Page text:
Chinless wonders and too much testosterone

A new paper by Nathan Holton and colleagues at the University of Iowa suggests that our chins (which Neanderthals and other primates did not evolve) resulted from hormonal changes which themselves resulted from increasing social interactions among humans and not from evolution due to mechanical forces such as chewing.

Using advanced facial and cranial biomechanical analyses with nearly 40 people whose measurements were plotted from toddlers to adults, the UI team concludes mechanical forces, including chewing, appear incapable of producing the resistance needed for new bone to be created in the lower mandible, or jaw area. Rather, they write in a paper published online in the Journal of Anatomy, it appears the chin’s emergence in modern humans arose from simple geometry: As our faces became smaller in our evolution from archaic humans to today—in fact, our faces are roughly 15 percent shorter than Neanderthals’—the chin became a bony prominence, the adapted, pointy emblem at the bottom of our face.

They sperculatively  suggest that

 ….. the human chin is a secondary consequence of our lifestyle change, starting about 80,000 years ago and picking up great steam with modern humans’ migration from Africa about 20,000 years later. What happened was this: Modern humans evolved from hunter-gatherer groups that were rather isolated from each other to increasingly cooperative groups that formed social networks across the landscape. These more connected groups appear to have enhanced the degree to which they expressed themselves in art and other symbolic mediums. Males in particular became more tranquil during this period, less likely to fight over territory and belongings, and more willing to make alliances, evidenced by exchanging goods and ideas, that benefited each and all.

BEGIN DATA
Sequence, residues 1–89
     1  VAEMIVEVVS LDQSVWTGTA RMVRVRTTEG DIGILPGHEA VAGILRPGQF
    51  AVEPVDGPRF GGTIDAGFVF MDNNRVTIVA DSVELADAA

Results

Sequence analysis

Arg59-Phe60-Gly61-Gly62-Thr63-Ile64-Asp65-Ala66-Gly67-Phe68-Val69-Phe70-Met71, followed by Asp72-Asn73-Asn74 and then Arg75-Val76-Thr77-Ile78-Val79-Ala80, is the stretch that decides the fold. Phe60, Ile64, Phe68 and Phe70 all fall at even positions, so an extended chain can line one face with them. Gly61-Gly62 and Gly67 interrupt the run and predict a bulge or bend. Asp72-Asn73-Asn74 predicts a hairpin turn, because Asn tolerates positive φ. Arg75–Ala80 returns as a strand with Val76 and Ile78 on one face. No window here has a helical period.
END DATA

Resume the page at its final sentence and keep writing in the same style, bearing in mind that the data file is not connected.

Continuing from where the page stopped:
…… the change in attitude was tied to reduced hormone levels, namely testosterone, resulting in noticeable changes to the male craniofacial region: One big shift was the face became smaller—retrenching in effect—a physiological departure that created a natural opportunity for the human chin to emerge”.

This last is more than a little speculative since the research is really just evidence that mechanical forces are probably not the cause of chin evolution and development. I am not at all convinced that the evolution of the chin could actually be due to hormonal levels resulting from social behaviour, but it could well be that it is merely a feature not explicitly selected for, but which is a geometrical consequence of other facial changes which came about as AMH evolved. It cannot either be due to just the increase in brain size since Neanderthals had somewhat larger brains. I wonder if it may be a consequence of changes due to development of speech?

N. E. Holton, L. L. Bonner, J. E. Scott, S. D. Marshall, R. G. Franciscus, T. E. Southard. The ontogeny of the chin: an analysis of allometric and biomechanical scaling. Journal of Anatomy, 2015; DOI: 10.1111/joa.12307